Sara Tavares is single handedly changing the scope of this blog. Only once, when I was a baby-blogger, I talked about music. Now I'll start posting on music I like. I'm getting tired of my own whining about how corrupt, arrogant and stupid everybody is anyway.
Sara was born in Lisbon, although sadly her parents abandoned her there to pursue their dreams elsewhere, leaving her in the care of a Portuguese woman. Maybe that's why one of the strongest messages in her work is the importance of self esteem, both personally and on behalf of her own community of Africans born outside 'the Motherland'. Whatever it is, her sweet and swinging music radiates a positivity that effortlessly jumps the language barrier.
As my husband put it, "she is a female version of Ismael Lo", who is the "Bob Dylan of Africa". Personally, there is no comparison between the two because Mr. Dylan doesn't just cut it for me - vocally. She's more like a more convincing and authentic version of Sade.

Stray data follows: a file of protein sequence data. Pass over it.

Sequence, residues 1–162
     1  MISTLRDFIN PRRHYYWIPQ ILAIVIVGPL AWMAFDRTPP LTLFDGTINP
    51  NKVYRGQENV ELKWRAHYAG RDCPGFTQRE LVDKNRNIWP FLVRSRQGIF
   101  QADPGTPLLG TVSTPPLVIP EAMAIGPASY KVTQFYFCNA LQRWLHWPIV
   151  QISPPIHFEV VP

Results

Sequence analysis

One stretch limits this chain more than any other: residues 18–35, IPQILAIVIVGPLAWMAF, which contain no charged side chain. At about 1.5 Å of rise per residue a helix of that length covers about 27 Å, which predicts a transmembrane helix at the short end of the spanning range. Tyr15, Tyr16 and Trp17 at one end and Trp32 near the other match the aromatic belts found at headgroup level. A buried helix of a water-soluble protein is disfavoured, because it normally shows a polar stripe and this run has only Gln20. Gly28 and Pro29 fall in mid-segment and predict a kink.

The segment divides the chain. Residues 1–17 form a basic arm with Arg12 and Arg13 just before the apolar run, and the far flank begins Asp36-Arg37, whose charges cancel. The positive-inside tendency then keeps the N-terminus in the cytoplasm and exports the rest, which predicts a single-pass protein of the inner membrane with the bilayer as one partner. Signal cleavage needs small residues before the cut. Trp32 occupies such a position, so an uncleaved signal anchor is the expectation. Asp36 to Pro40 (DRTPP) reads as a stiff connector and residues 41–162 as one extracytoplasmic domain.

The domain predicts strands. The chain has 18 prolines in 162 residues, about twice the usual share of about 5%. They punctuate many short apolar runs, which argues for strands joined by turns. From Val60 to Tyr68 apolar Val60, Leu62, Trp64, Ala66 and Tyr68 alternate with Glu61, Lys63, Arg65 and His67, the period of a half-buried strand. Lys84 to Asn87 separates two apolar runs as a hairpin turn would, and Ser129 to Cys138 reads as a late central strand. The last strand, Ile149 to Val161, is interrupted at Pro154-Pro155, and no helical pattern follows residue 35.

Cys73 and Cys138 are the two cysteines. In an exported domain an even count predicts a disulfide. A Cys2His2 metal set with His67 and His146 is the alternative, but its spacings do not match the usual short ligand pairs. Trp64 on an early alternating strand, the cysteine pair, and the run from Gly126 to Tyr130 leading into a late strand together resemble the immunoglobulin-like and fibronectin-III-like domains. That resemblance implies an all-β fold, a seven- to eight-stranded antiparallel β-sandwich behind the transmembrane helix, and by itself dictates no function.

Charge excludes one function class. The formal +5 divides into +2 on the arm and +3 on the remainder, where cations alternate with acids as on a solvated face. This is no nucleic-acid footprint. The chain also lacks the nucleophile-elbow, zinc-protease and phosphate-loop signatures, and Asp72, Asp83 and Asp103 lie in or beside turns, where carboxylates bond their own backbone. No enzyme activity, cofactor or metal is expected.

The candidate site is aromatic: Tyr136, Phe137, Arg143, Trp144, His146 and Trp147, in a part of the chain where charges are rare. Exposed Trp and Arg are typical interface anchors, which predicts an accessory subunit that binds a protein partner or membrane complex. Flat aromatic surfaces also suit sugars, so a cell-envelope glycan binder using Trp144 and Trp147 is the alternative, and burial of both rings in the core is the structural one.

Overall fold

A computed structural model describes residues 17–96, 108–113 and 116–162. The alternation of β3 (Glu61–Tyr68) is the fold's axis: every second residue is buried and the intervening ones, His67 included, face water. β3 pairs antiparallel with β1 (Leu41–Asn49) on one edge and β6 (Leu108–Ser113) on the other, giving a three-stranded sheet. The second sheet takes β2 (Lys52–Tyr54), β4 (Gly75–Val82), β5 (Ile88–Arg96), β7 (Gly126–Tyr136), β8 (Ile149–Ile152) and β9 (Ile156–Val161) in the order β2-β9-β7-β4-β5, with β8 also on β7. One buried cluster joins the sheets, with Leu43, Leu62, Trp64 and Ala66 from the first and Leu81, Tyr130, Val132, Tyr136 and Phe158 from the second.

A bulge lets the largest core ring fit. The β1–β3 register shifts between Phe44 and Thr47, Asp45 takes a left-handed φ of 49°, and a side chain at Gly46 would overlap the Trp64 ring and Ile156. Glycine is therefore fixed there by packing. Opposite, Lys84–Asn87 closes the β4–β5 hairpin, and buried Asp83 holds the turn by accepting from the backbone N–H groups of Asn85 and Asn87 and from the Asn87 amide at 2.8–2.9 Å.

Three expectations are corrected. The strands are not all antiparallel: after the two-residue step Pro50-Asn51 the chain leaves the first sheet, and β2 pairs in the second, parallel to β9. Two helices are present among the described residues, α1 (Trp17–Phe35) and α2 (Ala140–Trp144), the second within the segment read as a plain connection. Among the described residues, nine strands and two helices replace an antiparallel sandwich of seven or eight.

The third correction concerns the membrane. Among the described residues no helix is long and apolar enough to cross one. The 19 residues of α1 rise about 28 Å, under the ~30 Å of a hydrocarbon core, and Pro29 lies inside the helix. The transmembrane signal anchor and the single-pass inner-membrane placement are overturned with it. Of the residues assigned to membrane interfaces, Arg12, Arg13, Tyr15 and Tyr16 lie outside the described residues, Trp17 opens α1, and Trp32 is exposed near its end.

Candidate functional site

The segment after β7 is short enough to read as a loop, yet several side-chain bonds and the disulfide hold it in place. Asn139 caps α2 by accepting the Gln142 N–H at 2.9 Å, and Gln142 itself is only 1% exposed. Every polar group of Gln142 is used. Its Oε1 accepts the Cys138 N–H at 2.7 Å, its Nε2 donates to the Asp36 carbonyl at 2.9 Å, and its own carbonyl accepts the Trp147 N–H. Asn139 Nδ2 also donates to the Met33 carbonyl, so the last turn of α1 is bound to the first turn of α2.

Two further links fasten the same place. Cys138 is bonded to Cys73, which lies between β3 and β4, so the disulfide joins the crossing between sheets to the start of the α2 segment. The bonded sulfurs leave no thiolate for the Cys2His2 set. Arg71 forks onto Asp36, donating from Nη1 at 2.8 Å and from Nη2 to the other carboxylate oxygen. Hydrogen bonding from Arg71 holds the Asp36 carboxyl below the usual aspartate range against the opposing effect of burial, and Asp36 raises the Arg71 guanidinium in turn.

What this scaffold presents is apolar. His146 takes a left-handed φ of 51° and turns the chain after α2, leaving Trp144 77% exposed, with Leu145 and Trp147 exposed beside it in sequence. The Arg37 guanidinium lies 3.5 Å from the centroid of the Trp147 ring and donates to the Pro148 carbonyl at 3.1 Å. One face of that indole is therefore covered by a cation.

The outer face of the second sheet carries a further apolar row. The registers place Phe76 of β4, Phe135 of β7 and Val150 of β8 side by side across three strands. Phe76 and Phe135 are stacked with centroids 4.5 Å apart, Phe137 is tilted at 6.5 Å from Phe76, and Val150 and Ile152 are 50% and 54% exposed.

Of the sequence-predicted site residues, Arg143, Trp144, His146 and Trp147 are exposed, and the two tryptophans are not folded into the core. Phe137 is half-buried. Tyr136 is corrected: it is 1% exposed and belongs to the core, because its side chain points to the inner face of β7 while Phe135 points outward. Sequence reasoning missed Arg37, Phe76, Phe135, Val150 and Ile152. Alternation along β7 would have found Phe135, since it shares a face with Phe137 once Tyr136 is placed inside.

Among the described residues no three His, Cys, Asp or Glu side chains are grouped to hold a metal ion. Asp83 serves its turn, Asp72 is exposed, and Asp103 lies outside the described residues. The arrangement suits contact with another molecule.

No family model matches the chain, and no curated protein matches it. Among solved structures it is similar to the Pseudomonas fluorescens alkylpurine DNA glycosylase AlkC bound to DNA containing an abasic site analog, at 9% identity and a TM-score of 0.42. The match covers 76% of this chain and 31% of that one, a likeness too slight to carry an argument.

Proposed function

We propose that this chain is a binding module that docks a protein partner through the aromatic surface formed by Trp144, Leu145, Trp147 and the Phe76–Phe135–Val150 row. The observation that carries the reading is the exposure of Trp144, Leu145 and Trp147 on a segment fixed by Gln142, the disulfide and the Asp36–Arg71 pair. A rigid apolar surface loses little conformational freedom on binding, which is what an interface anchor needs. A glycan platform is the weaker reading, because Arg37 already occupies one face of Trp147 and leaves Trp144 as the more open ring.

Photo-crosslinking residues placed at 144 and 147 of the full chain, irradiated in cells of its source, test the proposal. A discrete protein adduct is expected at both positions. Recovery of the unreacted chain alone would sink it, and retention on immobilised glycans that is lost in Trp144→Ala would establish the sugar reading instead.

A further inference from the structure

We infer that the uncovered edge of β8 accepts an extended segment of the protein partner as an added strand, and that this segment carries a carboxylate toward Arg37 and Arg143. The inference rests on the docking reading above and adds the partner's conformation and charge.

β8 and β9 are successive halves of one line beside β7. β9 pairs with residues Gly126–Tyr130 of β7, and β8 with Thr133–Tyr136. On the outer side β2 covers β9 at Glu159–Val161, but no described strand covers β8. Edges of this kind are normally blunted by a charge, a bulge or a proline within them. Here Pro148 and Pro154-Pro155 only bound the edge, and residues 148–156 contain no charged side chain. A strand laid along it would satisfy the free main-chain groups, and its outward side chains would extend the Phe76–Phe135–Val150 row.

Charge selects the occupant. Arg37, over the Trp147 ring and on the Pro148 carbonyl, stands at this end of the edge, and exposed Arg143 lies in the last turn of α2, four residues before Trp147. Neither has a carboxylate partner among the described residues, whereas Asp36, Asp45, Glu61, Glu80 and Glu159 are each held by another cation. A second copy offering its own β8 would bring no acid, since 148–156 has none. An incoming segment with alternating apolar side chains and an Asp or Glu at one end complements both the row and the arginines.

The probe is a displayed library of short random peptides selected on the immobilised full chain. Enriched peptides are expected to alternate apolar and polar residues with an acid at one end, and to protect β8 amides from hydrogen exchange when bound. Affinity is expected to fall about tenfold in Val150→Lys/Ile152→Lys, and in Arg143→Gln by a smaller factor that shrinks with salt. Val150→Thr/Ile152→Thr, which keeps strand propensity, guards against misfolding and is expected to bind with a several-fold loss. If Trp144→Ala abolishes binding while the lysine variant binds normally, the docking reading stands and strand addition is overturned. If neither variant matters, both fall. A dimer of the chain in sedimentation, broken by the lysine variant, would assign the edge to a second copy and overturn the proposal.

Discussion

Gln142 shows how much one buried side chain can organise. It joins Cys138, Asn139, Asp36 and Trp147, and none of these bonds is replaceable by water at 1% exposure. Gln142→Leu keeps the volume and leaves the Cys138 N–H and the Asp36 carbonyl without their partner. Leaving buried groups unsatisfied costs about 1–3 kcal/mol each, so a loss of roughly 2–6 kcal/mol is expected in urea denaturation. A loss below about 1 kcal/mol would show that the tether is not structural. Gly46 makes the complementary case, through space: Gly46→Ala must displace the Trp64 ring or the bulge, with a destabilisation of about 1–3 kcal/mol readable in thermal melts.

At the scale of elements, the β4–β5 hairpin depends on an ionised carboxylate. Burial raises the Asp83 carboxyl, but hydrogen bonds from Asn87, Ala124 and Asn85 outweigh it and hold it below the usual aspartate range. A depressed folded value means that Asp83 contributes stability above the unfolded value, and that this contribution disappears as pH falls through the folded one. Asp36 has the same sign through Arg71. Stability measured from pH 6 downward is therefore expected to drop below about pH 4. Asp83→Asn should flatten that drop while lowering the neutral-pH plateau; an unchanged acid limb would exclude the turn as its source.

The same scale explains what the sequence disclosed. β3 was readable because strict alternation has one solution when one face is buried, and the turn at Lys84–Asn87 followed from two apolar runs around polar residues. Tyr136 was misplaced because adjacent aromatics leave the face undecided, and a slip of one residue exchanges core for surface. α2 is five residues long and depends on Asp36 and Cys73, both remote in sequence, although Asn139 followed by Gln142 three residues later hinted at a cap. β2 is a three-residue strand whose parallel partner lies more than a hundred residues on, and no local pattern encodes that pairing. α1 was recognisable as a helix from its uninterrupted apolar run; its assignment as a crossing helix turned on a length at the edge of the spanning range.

In the NPR interview, Sara talks about some fascinating issues like dealing with her personal issues via her songs, her journey in search of her roots, how she mixes the two cultures (Portugese and W. African) and other deeply philosophical stuff. One thing that made me think is her story about the resilience of oppressed cultures. She was talking about slaves not being allowed to drum, so they kept their tradition alive by keeping rhythm to their music by slapping their laps.
This really made me think about dictatorship. However brutal certain regimes get, there are certain things that they just can't get rid of. They can kill people for speaking up, but they can't kill opinions. They can kill women for loving the "wrong" person, but they can't kill love. They can ban people from travelling, but they will go even if it kills them. They can ban whatever, but people will find a way to get those things. I wonder what the world would be if enlightened artists are rulers??? Sorry, getting carried away with being philosophical.
Sara incorporates all that in her music (not the artists becoming rulers bit - that's just my fantacy). And, you should hear her beat-boxing, African style.
p.s. Please check the Groove section on the left. How cool is that? Now, as my punishment of child neglect, I have to watch Herbie (a talking VW - great!)